There was one dissenter, E.G. Buffum, who stood on a stump and protested on behalf of the accused, saying they were too weak from loss of blood to either stand or speak in their own defense. His valiant efforts were in vain, however, and he himself was threatened with lynching by the angry mob if he didn't 'shut up'. Buffum escaped with his life and later became the senior editor of the Alta newspaper in San Francisco.

The three suspects were hanged together from the huge oak tree in camp. The location of this well-used hangin' tree is marked by an effigy dangling by his neck from the second story of the Hangman's Tree Historic Spot in downtown Placerville. The stump is said to be in the cellar.

Crone Swings ~ A lynching in 1850 resulted from an incident that happened at the El Dorado Hotel, when a miner accused a young monte dealer of "waxing the cards". The card dealer was the infamous Dick Crone, who threatened to cut the miner's heart out if he accused him of cheating again. When the miner repeated the words, the gambler drew a large bowie knife, plunging it into the miner's chest twice, twisting it around the second time (obviously trying to make good on his threat to cut his heart out). Miners flocked into town from outlying diggings to locate and punish Crone. He was found hiding in Coffee's tavern, and was promptly tried (with witnesses testifying), convicted, and hanged that very evening by a mob jury of thousands.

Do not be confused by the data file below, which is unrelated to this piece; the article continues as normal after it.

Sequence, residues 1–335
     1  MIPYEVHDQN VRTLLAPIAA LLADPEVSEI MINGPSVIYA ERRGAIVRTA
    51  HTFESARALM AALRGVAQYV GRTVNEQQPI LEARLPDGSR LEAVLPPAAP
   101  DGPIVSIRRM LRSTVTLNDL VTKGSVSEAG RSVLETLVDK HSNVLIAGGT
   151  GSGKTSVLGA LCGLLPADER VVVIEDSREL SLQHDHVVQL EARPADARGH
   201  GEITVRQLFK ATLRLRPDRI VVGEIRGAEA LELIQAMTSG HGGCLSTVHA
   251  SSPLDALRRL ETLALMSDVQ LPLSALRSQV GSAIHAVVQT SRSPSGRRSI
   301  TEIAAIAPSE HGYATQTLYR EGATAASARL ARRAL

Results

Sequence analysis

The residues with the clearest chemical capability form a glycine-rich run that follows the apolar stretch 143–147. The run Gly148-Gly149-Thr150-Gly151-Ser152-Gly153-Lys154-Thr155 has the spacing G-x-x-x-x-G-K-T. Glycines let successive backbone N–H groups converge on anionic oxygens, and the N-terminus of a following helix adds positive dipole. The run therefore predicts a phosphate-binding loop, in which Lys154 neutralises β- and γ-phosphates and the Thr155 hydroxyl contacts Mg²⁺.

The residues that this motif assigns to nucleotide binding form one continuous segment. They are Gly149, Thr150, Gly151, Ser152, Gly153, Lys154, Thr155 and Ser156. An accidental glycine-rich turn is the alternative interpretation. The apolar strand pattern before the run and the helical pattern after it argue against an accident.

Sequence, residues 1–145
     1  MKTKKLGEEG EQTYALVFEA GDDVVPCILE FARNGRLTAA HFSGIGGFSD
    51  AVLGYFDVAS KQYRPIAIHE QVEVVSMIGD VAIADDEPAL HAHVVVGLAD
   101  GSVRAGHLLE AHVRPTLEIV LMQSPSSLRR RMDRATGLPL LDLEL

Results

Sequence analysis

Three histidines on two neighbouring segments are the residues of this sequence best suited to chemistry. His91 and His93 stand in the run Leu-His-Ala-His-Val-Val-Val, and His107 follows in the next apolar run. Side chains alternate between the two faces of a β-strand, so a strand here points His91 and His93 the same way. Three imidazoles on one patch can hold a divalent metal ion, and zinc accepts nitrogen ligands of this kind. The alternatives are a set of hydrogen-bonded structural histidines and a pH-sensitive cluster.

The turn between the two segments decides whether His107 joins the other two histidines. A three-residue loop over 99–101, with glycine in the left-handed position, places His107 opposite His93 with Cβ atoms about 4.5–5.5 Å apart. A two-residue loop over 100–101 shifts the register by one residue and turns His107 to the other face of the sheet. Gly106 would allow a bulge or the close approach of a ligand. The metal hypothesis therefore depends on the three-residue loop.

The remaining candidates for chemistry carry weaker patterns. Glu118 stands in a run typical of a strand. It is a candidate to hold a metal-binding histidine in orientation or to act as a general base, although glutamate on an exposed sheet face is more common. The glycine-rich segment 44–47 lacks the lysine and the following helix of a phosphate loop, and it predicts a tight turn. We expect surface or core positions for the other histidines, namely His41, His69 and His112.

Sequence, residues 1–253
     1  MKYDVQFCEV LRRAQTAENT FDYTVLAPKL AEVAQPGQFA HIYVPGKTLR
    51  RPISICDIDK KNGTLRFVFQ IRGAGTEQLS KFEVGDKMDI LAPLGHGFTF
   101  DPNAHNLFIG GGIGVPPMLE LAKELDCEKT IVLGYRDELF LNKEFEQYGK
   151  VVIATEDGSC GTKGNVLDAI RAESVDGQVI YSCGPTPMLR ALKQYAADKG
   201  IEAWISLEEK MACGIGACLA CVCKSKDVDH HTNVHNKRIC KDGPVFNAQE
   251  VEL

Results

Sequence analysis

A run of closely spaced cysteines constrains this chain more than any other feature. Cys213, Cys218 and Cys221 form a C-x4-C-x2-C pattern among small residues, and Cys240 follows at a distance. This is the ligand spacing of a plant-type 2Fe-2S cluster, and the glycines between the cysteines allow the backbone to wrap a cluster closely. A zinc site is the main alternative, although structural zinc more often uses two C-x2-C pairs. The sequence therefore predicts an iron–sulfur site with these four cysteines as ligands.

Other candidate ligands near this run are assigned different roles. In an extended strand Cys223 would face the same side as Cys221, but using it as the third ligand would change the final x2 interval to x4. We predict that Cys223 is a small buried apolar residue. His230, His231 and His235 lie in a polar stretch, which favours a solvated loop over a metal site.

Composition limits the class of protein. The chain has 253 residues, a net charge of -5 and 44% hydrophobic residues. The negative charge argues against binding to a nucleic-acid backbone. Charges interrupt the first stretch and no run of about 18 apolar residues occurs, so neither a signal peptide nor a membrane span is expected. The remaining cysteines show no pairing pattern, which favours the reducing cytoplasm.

Fed Up ~ The vigilante lynching’s, with their often deserved but sometimes questionable justice, brought about a measure of peace within the camp. The criminals hadn't left the scene completely, however. They just moved their business to the outskirts of town, ambushing miners. These bushwhackers had a gang-like network, complete with in-town spies, secret handgrips, and special passwords. (Could it be that they also wore their hats backwards, sported red or blue kerchiefs, and bagged their Levi's?) A vigilante committee was formed to deal with this problem.

Gamblers caught fleecing the miners were not well-tolerated either and were run out of town. And once when a gang of ruffians tried to lynch an unfortunate black man named Bartlett for some imagined offense, "Yank" and his partner Dick Arnold saved him. Yank 'ran over the tops of their heads' with a knife between his teeth and cut Bartlett down after the Bill Burnes gang had hoisted him up into the top of a giant oak tree. And yet another example of the camp's intolerance for violence and cruelty was when they protested the inhumane treatment of a bull in the bull ring atop Circus Hill by uprooting the stockade and rolling the logs down to the creek.